The Kent Underground Research Group was invited to examine the tunnels, and a site visit and survey made on 13th January 2012 showed the structure to be a World War 1 air-raid shelter. Access to the tunnels was by means of a small hole in made up ground in the north west of the building site.
Any original steps leading down to the tunnel were covered with loose fill and debris. At the bottom of the steps the tunnel turned right to run approximately parallel with the retaining boundary wall. This passage led to a roughly circular tunnel with a blocked entrance, also with a sloping door frame.
The 50m of passages surveyed were of roughly rectangular cross section and between 1.7 and 1.9m high and 0.7 to 0.9m wide. This profile has been found to be fairly common in air-raid shelters dug during the First World War in Thanet.</p>\r\n<p>At four points in the system, seating had been provided by means of benches cut into the side of the tunnels.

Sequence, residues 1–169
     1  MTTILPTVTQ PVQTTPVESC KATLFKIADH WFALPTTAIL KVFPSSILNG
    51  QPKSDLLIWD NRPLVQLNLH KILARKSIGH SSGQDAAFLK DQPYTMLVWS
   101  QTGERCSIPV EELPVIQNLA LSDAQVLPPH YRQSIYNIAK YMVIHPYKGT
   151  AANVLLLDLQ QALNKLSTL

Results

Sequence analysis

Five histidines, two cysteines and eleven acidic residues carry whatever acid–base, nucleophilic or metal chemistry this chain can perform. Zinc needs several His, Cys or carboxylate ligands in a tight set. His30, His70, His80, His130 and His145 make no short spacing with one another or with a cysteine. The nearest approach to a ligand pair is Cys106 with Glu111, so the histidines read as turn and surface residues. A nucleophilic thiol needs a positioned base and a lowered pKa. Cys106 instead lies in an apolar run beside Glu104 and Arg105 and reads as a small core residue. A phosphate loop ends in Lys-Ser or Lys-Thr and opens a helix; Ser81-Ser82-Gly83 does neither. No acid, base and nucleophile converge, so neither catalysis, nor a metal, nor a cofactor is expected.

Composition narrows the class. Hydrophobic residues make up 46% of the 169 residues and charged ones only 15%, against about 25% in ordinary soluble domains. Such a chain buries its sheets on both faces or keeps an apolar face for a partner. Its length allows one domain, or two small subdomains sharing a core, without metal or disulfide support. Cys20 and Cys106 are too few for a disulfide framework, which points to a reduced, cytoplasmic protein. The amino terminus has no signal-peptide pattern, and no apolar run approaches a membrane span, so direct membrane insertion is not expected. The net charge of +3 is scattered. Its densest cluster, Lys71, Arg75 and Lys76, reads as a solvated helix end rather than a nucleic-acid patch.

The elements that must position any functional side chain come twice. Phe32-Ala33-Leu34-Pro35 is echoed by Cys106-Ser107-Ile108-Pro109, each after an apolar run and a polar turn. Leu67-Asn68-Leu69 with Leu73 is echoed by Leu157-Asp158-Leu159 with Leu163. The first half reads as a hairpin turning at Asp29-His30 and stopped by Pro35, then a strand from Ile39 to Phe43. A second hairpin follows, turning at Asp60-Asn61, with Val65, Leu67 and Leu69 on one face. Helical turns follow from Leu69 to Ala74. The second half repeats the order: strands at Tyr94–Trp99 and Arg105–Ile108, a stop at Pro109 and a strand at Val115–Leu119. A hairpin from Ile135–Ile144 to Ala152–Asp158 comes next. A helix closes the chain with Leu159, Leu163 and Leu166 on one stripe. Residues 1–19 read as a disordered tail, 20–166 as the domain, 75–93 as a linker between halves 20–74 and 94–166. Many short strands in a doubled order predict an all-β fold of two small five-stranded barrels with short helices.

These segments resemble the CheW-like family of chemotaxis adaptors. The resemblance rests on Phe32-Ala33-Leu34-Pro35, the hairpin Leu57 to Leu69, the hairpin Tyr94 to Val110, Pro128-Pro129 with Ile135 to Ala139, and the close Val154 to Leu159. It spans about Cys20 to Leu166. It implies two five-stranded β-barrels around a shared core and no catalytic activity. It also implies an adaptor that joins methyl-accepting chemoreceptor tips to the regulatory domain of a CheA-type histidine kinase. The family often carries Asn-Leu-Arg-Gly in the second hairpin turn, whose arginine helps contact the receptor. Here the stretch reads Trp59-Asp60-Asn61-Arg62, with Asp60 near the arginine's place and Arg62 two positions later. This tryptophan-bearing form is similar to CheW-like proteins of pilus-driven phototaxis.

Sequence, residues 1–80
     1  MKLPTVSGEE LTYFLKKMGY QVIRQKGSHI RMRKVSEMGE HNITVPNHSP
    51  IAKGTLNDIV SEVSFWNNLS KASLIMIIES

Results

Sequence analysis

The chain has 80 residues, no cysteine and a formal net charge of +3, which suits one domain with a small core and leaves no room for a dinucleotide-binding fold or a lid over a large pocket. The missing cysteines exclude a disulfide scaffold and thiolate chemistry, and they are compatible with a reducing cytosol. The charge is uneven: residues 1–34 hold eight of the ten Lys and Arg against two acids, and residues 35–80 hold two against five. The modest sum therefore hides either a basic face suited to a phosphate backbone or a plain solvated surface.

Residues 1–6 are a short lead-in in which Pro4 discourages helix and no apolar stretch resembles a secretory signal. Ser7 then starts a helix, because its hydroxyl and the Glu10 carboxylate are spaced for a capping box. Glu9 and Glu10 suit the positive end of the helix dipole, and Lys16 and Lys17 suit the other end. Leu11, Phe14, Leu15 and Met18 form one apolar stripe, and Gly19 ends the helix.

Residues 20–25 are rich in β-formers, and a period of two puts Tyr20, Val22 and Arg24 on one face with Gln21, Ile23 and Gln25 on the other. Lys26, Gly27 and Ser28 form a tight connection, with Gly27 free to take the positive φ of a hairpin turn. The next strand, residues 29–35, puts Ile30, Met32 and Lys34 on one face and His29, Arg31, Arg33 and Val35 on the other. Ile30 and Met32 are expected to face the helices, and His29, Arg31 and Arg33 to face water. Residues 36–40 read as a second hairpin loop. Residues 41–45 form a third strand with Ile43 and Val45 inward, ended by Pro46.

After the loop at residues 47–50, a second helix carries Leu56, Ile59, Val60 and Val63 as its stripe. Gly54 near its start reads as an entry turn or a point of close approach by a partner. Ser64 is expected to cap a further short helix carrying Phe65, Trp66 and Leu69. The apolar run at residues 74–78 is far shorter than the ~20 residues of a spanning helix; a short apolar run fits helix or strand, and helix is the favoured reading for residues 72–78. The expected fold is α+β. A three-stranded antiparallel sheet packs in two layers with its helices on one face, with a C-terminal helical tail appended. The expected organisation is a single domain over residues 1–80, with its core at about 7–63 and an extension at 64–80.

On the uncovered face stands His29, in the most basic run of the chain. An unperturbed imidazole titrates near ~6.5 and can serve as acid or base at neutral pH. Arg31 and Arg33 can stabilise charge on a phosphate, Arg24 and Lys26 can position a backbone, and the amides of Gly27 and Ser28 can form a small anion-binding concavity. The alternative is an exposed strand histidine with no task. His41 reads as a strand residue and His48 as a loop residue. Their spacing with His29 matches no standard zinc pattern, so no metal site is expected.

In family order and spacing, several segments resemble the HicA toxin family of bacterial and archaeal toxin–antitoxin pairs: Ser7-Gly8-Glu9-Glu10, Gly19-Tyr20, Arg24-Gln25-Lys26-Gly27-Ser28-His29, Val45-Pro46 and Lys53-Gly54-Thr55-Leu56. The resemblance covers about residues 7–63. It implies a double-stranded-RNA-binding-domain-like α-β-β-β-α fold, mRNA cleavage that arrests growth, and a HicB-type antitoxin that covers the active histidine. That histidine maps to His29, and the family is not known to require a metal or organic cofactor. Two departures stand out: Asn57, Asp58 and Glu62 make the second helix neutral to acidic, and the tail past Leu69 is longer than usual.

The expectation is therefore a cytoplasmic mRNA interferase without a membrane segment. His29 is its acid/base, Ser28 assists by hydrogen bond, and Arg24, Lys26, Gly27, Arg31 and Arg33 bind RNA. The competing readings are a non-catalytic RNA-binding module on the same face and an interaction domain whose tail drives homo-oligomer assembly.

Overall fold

The many distinctive tool marks observed show that the tunnels had been excavated by means of a mechanical pick.</p>\r\n<p>The circular passage had been dug from two directions and a miscalculation caused a slight miss-alignment in both direction and height. The tunnel that was dug anti-clockwise from the blocked entrance was 1.5m lower than the clockwise one which resulted in a short joining link with three steps. The chalk steps showed little sign of wear which would suggest that the shelter was not heavily used. Lighting appeared to be by simple candles or oil lamps hanging from iron rods inserted in the walls. A number of candle niches were found, some still retaining short stubs of candle.